Donaldson Adoption Institute, which worked on child-protection issues
facing survivors of the South Asian tsunami, provides guidelines for dealing with post-disaster adoption across national and ethnic divides.

First, the group points out that, in accordance with international
humanitarian law, aid agencies must provide for children's basic needs
for food and medicine and protect them from exploitation and
trafficking. From there, it gets more complicated:

Family Tracing and Reunification
Children who are unaccompanied or separated from primary caregivers as
the result of an emergency may not necessarily be orphans; thus, an
effort to trace family members is vital. The Hague Convention requires
that eligibility for adoption be determined by competent authorities.
In the aftermath of an emergency, governments may not be able to ensure
that appropriate consents for relinquishments for adoption are carried
out or that a child is truly orphaned. The United Nations High
Commissioner for Refugees (UNHCR) stipulates two years as a "reasonable
period" to trace parents or other surviving family members (UNHCR,

Family and Community Solutions Even
during emergencies, institutions should be viewed as a last resort, and
should be used only when children genuinely have no one to take care of
them. Residential institutions rarely provide the care necessary for
normative child development or protection. Although some institutions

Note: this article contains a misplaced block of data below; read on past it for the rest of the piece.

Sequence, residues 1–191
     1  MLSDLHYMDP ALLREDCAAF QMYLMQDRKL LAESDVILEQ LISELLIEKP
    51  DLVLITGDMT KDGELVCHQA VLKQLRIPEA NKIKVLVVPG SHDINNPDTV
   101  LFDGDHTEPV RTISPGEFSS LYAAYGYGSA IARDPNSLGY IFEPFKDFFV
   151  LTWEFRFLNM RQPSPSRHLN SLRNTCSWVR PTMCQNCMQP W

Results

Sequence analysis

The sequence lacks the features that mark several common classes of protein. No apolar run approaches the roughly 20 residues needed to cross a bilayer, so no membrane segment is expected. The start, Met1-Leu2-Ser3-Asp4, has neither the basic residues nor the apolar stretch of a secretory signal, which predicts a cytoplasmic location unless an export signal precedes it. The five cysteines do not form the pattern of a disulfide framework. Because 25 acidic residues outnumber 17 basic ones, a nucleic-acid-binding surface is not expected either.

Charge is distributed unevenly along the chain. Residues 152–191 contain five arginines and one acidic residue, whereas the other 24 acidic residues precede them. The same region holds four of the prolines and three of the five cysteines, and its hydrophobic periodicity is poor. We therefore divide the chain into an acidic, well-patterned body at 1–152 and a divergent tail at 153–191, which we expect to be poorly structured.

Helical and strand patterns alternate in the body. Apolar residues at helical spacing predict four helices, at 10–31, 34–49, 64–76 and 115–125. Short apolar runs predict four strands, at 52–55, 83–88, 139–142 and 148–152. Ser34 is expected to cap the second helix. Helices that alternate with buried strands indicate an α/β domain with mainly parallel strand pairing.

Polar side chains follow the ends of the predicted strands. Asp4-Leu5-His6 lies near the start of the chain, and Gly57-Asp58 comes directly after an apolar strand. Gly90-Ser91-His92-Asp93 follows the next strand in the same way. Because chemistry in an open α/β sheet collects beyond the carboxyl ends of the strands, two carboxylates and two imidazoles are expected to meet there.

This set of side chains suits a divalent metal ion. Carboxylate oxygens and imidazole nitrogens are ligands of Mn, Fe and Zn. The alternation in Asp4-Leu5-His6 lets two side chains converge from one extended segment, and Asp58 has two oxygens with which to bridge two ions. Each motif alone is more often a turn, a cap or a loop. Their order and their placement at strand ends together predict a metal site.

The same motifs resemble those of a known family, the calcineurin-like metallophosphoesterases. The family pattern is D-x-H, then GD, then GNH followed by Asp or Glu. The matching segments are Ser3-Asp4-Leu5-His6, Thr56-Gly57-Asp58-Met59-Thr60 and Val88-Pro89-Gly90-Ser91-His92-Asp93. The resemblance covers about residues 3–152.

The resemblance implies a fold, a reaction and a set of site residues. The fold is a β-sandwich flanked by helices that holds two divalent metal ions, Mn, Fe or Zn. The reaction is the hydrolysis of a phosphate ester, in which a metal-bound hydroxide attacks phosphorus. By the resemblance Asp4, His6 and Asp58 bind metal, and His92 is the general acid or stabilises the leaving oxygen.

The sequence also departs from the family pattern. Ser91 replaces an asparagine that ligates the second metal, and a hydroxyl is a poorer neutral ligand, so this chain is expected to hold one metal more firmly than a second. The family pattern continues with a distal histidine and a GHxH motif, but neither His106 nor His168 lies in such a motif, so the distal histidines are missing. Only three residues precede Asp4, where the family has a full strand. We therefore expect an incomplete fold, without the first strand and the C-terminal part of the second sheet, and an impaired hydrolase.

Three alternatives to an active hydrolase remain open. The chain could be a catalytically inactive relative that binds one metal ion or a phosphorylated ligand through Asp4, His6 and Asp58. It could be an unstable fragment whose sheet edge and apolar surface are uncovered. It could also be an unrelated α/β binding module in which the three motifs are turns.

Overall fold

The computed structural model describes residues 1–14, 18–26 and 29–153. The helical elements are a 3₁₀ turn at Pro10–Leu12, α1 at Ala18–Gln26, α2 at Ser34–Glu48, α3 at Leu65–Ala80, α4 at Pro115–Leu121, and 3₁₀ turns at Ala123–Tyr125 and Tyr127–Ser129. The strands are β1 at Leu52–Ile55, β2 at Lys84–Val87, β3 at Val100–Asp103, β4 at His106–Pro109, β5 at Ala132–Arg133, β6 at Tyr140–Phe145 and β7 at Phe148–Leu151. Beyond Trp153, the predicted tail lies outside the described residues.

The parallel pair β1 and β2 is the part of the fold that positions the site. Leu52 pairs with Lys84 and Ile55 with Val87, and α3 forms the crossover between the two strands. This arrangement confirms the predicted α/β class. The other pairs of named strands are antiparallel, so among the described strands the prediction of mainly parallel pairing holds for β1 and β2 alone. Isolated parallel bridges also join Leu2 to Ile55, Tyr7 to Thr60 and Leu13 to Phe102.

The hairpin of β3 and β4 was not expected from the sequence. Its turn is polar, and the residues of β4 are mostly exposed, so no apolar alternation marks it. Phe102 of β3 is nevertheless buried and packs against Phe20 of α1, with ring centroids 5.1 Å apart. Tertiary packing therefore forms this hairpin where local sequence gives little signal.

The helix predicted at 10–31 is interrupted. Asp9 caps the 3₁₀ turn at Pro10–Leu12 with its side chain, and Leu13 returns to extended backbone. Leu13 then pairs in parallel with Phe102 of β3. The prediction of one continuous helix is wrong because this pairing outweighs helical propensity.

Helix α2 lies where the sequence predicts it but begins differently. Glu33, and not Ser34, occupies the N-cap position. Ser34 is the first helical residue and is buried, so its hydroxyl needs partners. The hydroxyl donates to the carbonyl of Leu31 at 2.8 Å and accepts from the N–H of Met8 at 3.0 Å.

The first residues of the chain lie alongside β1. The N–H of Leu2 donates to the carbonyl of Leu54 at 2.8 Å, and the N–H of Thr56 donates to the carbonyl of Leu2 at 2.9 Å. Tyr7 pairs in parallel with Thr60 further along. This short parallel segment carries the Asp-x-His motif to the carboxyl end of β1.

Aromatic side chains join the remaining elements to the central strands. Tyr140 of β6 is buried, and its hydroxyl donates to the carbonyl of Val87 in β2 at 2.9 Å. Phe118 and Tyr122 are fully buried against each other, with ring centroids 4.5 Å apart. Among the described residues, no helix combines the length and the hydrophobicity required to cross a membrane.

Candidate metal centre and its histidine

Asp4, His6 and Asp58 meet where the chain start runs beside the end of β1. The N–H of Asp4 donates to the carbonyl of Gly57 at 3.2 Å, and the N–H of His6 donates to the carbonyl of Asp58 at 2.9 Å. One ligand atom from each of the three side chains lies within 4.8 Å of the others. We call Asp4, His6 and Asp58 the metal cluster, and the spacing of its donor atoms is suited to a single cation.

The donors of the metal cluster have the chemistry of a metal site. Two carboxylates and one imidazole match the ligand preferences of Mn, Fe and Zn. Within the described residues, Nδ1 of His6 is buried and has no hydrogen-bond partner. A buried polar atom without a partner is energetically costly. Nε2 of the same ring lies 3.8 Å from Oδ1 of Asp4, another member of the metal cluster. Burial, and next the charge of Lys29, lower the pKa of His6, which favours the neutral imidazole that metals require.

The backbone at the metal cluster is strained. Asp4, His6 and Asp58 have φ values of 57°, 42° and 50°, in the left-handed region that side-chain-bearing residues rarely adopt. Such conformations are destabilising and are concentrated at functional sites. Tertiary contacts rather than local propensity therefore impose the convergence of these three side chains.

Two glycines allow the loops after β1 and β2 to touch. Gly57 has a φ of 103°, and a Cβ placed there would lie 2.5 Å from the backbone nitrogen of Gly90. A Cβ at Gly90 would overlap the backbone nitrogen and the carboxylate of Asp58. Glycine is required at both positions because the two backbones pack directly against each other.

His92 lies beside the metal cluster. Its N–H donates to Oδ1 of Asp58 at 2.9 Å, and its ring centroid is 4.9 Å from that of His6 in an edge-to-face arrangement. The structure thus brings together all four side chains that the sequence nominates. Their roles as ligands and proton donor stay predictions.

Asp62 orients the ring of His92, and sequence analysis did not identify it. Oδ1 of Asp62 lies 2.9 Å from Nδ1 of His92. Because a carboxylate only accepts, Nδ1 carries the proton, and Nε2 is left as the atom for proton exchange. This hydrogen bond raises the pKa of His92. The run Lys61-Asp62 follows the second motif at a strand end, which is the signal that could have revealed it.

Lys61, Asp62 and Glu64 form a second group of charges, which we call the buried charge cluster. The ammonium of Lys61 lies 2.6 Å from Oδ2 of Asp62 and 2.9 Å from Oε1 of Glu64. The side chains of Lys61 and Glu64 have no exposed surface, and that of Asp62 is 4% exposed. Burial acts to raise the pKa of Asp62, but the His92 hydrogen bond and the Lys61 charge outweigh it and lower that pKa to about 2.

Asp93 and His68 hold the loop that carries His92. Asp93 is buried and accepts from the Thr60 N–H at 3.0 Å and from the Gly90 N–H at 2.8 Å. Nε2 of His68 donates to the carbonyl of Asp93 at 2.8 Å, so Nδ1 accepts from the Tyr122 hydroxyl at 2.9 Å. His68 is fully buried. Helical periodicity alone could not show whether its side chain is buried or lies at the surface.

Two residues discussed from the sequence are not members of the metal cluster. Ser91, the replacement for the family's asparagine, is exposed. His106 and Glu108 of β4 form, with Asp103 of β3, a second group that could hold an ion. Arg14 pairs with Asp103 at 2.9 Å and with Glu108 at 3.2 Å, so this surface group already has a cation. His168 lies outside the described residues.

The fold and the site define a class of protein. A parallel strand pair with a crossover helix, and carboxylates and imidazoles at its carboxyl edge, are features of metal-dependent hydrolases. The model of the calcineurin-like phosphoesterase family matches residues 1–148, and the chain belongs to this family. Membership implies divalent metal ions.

will be necessary to care for children's immediate needs, they should
be used with the clear objective of providing temporary services while
reunification or alternative community and family based care is

Widespread Trauma
Particularly during an emergency, it is necessary to address the
widespread trauma caused by witnessing or directly experiencing brutal
events. All children who have experienced trauma are vulnerable, but
for children separated from their families, there is additional
critical loss. The best way to help a child mitigate the effects of
trauma is to restore a sense of normalcy by providing structured
activities, care and nurturing. Children who have experienced traumatic
events, at least in the short term, generally should not be further
uprooted and placed in new environments.

Respect for Nation, Culture and Religion
Even though some children may be identified as parentless, there are
countries that do not recognize adoption - for instance because of the
Islamic Shaaria law. Moreover, the right of a child to be raised in his
or her family of origin is stipulated in Article 17 of the UN
Declaration, Article 21 of the Convention on the Rights of the Child
(CRC), and in the preamble of the Hague Convention. Article 16 of the
Hague Convention requires that due consideration be given to "the
child's upbringing and his or her ethnic, religious and cultural

Adam Pertman, executive director of the Institute, told the Miami Herald,
``We need to take a step back and be really careful... We don't want to
make mistakes with kids' lives. Everything has been tough enough. You
don't want to add more injuries to the ones they have already sustained
-- even with good intentions.''

Unfortunately, humanitarian efforts seem to be hurting as well as helping, to varying degrees. As Haiti becomes militarized by foreign humanitarian missions, refugee camps swell with despair, and an already devastated population looks ahead to more waves of death, sickness and trauma--Haiti's children are fast becoming a new object for the good intentions of powerful people, all seeking to fix a forsaken country. And even the purest intentions won't alter the inequity inherent in that relationship.